Exploring a Model of Situated Professional Development: Impact on Classroom Practice
ABSTRACT A hallmark of current science education reform involves teaching through inquiry. However, the widespread use of inquiry-based
instruction in many classrooms has not occurred (Roehrig and Luft in Int J Sci Educ 26:3–24, 2004; Schneider et al. in J Res Sci Teach 42:283–312, 2005). The purpose of this study was to investigate the impact of a professional development program on middle school science
teachers’ ability to enact inquiry-based pedagogical practices. Data were generated through evaluation of teacher practice
using the Reformed Teaching Observation Protocol (RTOP) (Sawada et al. in School Sci Math 102:245–253, 2002) at three distinct junctures, before, during, and after the professional development treatment. Analysis of teacher-participant
post-institute reflections was then utilized to determine the perceived role of the various institute components. Statistical
significant changes in RTOP scores indicated that the teachers were able to successfully transfer the enactment of the inquiry-based
practices into their classrooms. The subsequent discussion provides connection between these pedagogical changes with use
of professional development strategies that provide a situated learning environment.
KeywordsProfessional development–Middle school–Inquiry–Controlled practice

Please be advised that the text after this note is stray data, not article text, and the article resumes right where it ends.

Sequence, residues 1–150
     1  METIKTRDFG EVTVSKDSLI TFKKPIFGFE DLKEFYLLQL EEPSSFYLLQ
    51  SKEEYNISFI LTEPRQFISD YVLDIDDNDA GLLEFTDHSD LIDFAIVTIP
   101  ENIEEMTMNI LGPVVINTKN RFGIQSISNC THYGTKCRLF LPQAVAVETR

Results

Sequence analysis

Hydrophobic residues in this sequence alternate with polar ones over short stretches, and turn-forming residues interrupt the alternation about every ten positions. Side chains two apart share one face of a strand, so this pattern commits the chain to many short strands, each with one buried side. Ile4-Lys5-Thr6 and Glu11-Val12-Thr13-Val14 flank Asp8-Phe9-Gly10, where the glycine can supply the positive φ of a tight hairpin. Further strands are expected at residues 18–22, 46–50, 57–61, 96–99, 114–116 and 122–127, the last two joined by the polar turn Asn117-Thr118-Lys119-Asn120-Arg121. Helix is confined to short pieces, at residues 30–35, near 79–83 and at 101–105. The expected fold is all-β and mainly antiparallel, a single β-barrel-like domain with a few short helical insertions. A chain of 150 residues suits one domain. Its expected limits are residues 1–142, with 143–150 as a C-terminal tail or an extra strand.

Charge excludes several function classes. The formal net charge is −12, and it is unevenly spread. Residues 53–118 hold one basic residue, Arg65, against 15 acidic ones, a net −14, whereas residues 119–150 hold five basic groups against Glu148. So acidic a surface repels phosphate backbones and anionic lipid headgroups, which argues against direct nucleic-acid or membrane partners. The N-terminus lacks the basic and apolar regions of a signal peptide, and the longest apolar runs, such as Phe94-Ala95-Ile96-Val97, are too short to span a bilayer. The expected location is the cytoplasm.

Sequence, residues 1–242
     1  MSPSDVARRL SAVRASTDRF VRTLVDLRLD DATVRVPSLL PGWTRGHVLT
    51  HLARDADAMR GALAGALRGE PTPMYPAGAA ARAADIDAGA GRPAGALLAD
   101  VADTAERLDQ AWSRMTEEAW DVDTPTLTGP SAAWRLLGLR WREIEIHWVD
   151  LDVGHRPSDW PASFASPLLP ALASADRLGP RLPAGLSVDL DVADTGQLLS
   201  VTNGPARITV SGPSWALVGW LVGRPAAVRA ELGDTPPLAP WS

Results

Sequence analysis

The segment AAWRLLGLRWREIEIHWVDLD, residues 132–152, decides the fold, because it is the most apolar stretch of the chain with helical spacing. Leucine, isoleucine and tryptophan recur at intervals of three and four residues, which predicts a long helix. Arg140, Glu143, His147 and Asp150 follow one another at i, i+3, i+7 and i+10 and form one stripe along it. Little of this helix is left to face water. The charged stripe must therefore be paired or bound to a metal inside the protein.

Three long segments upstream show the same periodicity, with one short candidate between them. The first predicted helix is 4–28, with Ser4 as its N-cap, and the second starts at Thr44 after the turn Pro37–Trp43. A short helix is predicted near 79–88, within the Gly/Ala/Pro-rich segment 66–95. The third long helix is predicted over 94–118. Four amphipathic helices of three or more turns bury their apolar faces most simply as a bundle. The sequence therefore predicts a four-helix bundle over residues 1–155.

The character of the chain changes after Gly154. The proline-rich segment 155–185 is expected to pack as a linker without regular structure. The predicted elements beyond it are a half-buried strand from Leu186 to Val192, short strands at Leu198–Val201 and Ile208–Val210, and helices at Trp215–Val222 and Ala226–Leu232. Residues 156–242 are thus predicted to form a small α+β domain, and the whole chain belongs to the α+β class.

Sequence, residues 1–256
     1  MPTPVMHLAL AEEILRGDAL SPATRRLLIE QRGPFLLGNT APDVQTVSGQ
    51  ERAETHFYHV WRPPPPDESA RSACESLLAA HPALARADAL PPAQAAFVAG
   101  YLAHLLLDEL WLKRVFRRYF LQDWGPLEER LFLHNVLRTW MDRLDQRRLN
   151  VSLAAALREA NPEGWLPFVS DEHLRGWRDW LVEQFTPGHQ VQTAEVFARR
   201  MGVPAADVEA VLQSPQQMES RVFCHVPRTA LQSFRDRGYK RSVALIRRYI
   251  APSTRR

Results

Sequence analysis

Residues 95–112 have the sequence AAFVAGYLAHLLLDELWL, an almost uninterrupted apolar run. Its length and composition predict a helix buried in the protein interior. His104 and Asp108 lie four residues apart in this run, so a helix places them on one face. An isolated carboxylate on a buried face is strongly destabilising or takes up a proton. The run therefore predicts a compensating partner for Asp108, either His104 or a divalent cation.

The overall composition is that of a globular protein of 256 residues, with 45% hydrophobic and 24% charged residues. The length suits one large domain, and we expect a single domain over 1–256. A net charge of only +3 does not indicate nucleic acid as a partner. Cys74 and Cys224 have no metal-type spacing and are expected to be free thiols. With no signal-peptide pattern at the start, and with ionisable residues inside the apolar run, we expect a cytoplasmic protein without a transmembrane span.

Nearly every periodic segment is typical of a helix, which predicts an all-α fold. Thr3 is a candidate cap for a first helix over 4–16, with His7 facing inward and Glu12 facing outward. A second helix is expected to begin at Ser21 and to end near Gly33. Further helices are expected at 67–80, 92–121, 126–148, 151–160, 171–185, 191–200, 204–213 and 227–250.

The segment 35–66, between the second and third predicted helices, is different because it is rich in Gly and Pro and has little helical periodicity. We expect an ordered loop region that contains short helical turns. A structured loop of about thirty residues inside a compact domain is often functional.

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ABSTRACT: Children with selective mutism (SM) present unique challenges for teachers. Typically, children with SM have such an immense anxiety associated with being seen or heard speaking they fail to speak inside the classroom and particularly with teachers. This article reports on the effectiveness of a small-scale exploratory study involving 22 participants in a targeted professional development (PD) workshop on SM. Using a pre-post questionnaire design, the researchers explored the potential of PD to contribute to increased knowledge and awareness of SM as well as conceptual changes in the strategies used to support children with SM within inclusive classrooms. The PD workshop contributed to enhanced levels of knowledge and educators' confidence in addressing children's needs and may be a first step in addressing the dearth of literature on the teaching of children with SM as well as inform future professional development needs of teachers.
- Studies in Science Education 09/2012; 48(2):129-160. DOI:10.1080/03057267.2012.738020 · 2.42 Impact Factor
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ABSTRACT: Using a case study method, the experiences of a group of high school science teachers participating in a unique professional development method involving an argue-to-learn intervention were examined. The participants (N = 42) represented 25 different high schools from a large urban school district in the southwestern United States. Data sources included a multiple-choice science content test and artifacts from a capstone argument project. Findings indicate although it was intended for the curriculum to be a robust and sufficient collection of evidence, participant groups were more likely to use the Web to find unique evidence than to they were to use the provided materials. Content knowledge increased, but an issue with teacher conceptions of primary data was identified, as none of the participants chose to use any of their experimental results in their final arguments. The results of this study reinforce multiple calls for science curricula that engage students (including teachers as students) in the manipulation and questioning of authentic data as a means to better understanding complex socioscientific issues and the nature of science.Journal of Science Teacher Education 12/2012; 23(8). DOI:10.1007/s10972-012-9282-3